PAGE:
This is a modular PSU, meaning that one can attach the cables one needs and leave the rest in the box. However, this concept is rather ruined by the fact that loads of connectors come already attached. Short of snipping them off (DO NOT do this!) one has to find case space for several useless leads. Why can't they all be modular?

But that is the only down-side I could find.

RAM

I bought three matched sticks of 2GB Corsair DDR3 RAM, branded XMS3, running at 1600MHz. Though there higher-grade RAM is available, what's the point? XMS3 will withstand all but the most extreme overclocking. And I'm not going to do that anyway. Speed = heat = noise.

Graphics Card

I simply found the fastest passively-cooled DirectX 10 card based around an ATI chip. This turned out to be the Sapphire Radeon HD 4670 Ultimate, which has 512MB of memory on board. There is also a version with a fan, so be sure to get the right one. They both have the same name (?) just to make things annoying. You might prefer NVIDIA, but I have a soft spot for a firm that used to be Canadian.

Hard Drive

The 1.5TB Samsung Spinpoint F2 (HD154UI) is an energy-efficient 5400 rpm drive that has a tested transfer rate of 109mb/s. I will also be installing a 300GB Maxtor DiamondMax 10 [6L300S0] from my existing computer to use as the system drive. That one runs at 7200 RPM. Then I'll add in two 1TB drives for project data. I will use one actively and manually mirror my data to the other.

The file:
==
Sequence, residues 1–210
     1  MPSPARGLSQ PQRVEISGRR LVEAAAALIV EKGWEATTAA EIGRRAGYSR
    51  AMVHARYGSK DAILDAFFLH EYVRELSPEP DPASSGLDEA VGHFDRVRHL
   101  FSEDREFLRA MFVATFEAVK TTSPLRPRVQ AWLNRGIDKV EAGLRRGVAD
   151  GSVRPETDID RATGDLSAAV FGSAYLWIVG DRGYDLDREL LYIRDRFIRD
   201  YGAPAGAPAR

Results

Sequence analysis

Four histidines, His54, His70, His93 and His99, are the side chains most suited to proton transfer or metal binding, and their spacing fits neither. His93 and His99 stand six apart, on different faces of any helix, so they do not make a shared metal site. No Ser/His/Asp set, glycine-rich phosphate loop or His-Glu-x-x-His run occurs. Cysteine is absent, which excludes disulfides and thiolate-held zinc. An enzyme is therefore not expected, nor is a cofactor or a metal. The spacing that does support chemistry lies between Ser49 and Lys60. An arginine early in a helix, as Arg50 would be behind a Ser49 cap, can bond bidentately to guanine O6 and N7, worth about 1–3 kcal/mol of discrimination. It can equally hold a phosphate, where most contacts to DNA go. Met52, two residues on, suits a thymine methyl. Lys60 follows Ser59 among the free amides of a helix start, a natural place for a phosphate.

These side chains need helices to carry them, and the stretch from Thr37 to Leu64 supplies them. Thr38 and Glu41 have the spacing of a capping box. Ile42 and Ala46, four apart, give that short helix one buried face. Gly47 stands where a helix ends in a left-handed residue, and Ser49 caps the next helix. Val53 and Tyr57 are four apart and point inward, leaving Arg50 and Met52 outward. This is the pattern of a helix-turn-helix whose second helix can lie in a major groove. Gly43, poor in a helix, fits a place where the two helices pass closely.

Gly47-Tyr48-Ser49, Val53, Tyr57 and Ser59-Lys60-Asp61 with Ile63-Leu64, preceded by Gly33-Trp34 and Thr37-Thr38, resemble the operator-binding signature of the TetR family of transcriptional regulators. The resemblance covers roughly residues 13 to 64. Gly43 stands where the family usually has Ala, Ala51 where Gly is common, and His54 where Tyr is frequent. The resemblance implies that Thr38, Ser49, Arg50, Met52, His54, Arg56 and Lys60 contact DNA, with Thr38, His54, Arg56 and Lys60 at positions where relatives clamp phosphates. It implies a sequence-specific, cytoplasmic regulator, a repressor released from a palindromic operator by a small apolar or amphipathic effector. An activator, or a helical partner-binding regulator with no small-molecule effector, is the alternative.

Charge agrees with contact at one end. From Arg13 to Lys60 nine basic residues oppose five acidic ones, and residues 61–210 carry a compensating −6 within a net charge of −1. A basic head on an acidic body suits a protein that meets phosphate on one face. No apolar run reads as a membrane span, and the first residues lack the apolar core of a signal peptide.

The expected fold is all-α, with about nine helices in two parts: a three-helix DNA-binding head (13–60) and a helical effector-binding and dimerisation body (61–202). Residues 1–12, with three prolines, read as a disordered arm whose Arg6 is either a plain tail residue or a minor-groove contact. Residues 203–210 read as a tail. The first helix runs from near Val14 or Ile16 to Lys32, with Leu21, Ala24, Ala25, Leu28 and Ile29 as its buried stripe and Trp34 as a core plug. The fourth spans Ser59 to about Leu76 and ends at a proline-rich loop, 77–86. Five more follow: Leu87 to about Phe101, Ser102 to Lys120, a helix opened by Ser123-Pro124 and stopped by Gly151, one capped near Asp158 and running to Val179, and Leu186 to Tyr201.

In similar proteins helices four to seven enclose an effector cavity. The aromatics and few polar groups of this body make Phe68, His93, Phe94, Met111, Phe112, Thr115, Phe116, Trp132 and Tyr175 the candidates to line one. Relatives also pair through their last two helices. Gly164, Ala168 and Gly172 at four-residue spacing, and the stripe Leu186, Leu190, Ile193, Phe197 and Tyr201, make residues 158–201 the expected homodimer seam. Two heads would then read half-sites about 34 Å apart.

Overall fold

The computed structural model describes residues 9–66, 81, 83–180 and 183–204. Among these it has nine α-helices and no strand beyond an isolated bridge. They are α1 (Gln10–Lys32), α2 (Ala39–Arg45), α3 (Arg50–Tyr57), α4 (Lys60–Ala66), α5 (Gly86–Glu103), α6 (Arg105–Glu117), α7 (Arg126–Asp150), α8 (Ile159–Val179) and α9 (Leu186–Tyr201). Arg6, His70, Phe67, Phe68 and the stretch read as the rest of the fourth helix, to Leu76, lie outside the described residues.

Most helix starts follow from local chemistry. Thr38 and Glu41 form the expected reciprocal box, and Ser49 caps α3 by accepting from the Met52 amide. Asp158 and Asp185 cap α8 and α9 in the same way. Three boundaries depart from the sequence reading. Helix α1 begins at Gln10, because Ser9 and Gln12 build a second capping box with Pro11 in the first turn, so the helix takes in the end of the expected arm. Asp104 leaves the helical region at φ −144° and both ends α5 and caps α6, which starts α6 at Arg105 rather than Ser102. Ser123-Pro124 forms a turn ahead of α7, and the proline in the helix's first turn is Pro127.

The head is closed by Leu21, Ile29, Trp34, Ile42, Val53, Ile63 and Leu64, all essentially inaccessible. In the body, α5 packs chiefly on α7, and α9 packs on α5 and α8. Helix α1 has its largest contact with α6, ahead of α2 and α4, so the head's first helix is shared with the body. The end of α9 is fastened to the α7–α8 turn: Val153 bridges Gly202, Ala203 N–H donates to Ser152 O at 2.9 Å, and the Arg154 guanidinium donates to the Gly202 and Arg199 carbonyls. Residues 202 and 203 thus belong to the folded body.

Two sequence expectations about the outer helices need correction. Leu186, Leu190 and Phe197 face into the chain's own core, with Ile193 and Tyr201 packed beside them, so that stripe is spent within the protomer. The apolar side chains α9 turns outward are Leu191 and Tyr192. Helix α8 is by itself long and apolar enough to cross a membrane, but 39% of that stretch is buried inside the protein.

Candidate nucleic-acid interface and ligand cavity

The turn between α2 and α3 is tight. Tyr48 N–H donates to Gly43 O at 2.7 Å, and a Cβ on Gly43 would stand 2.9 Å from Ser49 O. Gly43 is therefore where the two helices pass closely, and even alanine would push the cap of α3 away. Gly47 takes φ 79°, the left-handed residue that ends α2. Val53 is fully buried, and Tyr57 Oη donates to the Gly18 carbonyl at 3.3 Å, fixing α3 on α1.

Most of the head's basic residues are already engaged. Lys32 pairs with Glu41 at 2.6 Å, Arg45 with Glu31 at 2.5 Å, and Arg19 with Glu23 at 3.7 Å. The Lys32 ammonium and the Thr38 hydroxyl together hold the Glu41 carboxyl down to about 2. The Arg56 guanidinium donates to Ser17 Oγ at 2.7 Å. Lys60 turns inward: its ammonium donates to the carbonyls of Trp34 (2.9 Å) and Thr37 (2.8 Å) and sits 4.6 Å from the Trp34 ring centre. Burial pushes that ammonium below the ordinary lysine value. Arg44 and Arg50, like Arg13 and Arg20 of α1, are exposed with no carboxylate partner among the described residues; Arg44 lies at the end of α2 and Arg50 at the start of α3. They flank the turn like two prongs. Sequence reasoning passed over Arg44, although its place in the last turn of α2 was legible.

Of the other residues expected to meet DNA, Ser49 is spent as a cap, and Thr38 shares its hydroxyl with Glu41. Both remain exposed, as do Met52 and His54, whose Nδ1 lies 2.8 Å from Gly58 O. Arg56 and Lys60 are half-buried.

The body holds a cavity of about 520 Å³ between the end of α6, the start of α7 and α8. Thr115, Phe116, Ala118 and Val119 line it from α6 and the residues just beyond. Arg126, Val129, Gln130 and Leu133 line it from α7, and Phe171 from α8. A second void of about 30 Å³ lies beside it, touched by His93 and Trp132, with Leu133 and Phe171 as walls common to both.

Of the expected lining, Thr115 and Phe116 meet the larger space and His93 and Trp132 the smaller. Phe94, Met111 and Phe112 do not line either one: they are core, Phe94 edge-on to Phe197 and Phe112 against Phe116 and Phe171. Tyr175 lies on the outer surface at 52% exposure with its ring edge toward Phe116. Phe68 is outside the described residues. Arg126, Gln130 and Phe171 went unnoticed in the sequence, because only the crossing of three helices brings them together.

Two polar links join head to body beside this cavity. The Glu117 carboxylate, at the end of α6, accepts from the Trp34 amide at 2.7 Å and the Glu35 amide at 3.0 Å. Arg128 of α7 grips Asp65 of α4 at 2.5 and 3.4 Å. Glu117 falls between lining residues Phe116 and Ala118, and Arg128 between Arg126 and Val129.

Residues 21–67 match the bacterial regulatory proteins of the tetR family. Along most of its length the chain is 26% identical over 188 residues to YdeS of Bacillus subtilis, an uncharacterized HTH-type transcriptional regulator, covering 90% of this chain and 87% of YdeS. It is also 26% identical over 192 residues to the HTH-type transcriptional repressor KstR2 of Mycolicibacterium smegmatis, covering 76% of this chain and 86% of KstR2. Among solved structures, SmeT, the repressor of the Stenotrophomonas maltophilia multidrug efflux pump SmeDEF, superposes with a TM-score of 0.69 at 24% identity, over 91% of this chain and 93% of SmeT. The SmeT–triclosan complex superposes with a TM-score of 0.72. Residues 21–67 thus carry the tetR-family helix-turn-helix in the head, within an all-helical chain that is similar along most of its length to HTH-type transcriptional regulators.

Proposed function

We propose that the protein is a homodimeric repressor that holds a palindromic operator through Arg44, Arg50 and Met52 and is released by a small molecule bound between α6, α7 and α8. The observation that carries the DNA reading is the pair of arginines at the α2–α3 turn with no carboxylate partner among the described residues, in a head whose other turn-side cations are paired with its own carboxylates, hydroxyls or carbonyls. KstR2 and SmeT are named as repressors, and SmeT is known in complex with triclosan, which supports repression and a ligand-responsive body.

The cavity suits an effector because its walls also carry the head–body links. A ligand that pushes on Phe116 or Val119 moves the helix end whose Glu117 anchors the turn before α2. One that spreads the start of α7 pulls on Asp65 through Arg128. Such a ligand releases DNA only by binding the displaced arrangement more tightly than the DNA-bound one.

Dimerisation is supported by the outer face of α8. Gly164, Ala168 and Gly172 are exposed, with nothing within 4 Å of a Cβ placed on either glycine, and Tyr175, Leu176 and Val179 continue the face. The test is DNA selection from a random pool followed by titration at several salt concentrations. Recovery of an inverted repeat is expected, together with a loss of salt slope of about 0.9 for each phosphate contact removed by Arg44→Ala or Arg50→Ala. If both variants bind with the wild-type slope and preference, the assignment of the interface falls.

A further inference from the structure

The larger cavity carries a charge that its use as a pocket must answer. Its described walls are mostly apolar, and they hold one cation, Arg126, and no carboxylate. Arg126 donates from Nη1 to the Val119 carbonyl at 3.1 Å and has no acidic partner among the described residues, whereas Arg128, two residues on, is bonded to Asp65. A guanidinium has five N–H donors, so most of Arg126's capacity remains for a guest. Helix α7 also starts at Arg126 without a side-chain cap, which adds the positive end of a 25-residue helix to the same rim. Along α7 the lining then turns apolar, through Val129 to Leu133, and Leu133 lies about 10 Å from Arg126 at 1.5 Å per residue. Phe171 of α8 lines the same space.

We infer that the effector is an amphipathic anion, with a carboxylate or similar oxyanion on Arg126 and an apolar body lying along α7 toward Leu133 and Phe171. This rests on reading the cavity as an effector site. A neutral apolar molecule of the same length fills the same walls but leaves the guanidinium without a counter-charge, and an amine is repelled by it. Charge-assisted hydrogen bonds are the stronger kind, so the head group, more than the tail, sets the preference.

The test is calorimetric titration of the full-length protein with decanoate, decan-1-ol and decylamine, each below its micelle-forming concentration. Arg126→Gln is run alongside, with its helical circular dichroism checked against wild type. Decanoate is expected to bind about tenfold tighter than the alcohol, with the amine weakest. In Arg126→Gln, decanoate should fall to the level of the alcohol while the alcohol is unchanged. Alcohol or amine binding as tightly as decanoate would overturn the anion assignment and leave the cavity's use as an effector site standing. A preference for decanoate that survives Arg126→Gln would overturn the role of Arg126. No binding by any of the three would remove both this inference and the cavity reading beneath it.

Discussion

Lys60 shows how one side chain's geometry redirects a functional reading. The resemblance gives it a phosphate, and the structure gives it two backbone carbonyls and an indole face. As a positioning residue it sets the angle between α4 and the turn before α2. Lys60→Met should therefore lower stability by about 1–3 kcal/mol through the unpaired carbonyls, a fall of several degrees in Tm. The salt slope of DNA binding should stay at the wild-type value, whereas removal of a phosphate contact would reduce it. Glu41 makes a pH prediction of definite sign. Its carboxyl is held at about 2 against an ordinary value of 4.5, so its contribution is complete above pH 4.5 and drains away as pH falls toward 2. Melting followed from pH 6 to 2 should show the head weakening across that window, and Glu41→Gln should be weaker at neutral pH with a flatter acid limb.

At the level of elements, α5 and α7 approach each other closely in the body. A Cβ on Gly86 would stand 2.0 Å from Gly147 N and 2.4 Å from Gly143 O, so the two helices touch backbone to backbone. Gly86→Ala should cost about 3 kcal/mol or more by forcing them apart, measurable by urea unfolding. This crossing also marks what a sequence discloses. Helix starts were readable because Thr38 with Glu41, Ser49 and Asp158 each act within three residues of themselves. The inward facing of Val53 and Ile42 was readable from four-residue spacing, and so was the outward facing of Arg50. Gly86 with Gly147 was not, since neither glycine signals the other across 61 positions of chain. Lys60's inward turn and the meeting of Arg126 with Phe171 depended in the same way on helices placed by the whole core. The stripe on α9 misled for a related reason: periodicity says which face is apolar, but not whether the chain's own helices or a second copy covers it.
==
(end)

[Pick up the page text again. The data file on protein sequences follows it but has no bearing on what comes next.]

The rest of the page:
DVD burner

The LG GH22NS40 is reputedly quieter than others and runs about as fast as any these days (22x for normal DVDs and 16x for dual layer).

While I was at it I spent my coffee money on the Akasa AK-ICR-07S memory card reader, a 3.5" slot device that reads the four types of flash cards we have in the house, plus others. Sure beats a floppy drive.

OS

Just to be complete I should mention that I decided on the Professional version of 64-Bit Windows 7, simply for the extra virtual machine compatibility mode. No need to worry about any old apps misbehaving.

And The Price?

Rounding off, this is what I paid, VAT included. I achieved my targets in all areas except the motherboard.

Intel i7 920: £200
Gigabytes EX58-UD5: £200
Scythe Mugen 2: £40
Fractal Design Define R2: £80
Antec Signature 650: £80
3x 2GB Corsair XMS3 DDR3: £130
Sapphire Radeon HD 4670 Ultimate: £60
1.5TB Samsung Spinpoint F2: £75
LG GH22NS40 DVD burner: £20
Akasa AK-ICR-07S memory card reader: £5
Windows 7 Pro 64 Bit: £105

See if any of the vendors can build a system like that for under £1000! (Of course, there is value in them doing all the hard work.) As for comparing this with an Apple... let's just say I can buy two of these for the same price as a similar Mac.

Further Readings